11 Saint Louis C. Acid-Suppressing Drugs Linked to Vitamin B12 Deficiency. New York Times, 12-10-14.
12 Aspirin Foundation – Suitability – Backgrounder on New Advice on Aspirin. Aspirin and Reyes syndrome.
13 Starko KM. Salicylates and Pandemic Influenza Mortality, 1918–1919. Pharmacology, Pathology, and Historic Evidence. Clin Inf Diseases. 2009; 49:1405-10
14 Saint Louis, C. Panel Urges Low Dose Aspirin to Reduce Preeclampsia Risk. New York Times. 4-7-2013.
15 Shaw, W. Evidence that Increased Acetaminophen use in Genetically Vulnerable Children Appears to be a Major Cause of the Epidemics of Autism, Attention Deficit with Hyperactivity, and Asthma. Great Plains Laboratory; Ellis S. New research claims use of acetaminophen/paracetamol correlates with Autism and ADHD diagnosis rise. AND Autism Daily Newscast. October 29, 2013; Krans B. Healthline. Study: Acetaminophen during pregnancy raises the risk for ADHD. Healthline News. 2-2-14.
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Types of strokes you have hit the mark thought excellent, it agree with you
What an informative article, it’s a shame when we seek professional help there always seems to be an underlying benefit for someone else. I’m a firm believer that our health is secondary to the Government and Pharma companies bottom line..but where do we turn for the right information?
Valerie Pietsch Ammendola via Facebook
I had a car accident, then two months later had a TIA ( like a small stroke). I was pregnant as well and they told me to take a baby aspirin every day to prevent any future clots. I went into labor and almost bleed to death. I specifically asked both the neurologist and my OB and they said I would be fine. They were wrong. Even after 3 units of blood, I was still pale as a ghost and sitting up made me pass out. I refuse to ever use aspirin again.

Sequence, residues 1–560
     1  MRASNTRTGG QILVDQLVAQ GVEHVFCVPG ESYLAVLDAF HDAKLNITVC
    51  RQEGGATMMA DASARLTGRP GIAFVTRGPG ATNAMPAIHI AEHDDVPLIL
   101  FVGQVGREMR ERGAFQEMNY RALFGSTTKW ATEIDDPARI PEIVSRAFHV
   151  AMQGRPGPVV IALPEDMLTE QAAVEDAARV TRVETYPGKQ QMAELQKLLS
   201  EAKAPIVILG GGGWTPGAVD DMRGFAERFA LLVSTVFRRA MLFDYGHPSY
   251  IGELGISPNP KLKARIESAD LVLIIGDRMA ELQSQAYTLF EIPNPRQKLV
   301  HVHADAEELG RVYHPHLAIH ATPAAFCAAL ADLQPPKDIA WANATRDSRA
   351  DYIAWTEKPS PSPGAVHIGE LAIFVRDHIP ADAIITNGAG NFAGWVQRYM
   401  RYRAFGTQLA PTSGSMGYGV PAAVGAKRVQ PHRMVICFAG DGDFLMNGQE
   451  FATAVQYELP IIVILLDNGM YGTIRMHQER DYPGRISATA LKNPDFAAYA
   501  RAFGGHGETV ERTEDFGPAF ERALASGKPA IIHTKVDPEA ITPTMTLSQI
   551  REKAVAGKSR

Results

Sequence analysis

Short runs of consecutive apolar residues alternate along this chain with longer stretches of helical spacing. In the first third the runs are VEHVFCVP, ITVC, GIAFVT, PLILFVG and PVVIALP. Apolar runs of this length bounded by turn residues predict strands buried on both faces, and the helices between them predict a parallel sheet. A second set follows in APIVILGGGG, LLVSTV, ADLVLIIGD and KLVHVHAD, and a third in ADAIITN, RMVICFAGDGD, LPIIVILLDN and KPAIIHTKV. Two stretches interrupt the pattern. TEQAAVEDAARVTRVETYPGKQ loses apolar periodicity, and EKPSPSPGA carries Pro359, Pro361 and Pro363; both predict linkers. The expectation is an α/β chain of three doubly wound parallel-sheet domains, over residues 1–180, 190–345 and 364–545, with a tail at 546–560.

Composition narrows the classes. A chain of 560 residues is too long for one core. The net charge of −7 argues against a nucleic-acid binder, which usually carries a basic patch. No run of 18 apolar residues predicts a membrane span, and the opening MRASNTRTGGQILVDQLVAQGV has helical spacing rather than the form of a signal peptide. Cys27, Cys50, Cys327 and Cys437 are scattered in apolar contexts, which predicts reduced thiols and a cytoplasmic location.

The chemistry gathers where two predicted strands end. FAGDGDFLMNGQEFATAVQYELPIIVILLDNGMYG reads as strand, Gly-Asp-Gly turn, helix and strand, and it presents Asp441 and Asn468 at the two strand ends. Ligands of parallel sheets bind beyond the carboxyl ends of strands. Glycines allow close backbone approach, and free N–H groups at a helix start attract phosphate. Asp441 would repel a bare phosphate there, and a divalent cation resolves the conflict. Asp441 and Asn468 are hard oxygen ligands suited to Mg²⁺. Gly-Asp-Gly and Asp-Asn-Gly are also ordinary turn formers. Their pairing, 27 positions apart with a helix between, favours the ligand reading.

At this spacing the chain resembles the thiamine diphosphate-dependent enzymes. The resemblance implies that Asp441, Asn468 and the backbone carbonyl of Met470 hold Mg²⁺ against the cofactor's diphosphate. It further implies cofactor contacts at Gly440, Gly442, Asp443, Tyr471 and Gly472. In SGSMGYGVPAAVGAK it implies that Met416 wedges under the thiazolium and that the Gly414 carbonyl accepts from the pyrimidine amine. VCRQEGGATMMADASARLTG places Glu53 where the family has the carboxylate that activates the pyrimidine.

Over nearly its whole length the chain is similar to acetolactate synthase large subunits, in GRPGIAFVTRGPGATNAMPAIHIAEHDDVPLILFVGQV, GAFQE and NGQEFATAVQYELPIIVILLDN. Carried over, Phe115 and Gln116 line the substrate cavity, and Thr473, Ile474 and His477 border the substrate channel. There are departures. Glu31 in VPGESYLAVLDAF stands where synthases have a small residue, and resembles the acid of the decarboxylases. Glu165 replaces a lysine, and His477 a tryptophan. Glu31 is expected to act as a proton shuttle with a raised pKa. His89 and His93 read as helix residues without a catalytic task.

Regarding whether anything the FDA says can be true — Which fits better: “Even a blind squirrel finds …” or “Even a stopped clock is right …”
“Yes, aspirin depletes the body of vitamin C. Aspirin is known as one of the most powerful drugs at depleting vitamin C in normally healthy individuals. [Journal Clinical Pharmacology 1973; 13: 480] Modern medicine appears to have overlooked this well-documented fact.”
Sardi quotes an MD regarding how autopsies in 1918 of flu victims indicate scurvy.
“This is exactly how a patient with severe vitamin C deficiency (scurvy) dies. In scurvy capillaries are weak and red blood cells leak into surrounding tissues, like the brain, lungs and eyes, which was observed among the 1918 flu victims.”
I have type 1 diabetes (thank you, college MMR booster!)–it is very well controlled, and so far I have absolutely NO complications from it, even after 4 pregnancies/births. I have had more than a few doctors tell me that I should be on low-dose aspirin to “lower my risk of cardiovascular problems.” However, I am absolutely opposed to “preventative” medicines (that is, drugs that supposedly reduce my risk of something), and, aside from that, I don’t take acetaminophen or aspirin when I’m in pain–why would I use them just because? Anyway, all that to say this: sometimes, a little common sense (and willingness to go against the popular notions of the day) can keep you a lot healthier than your doctor can…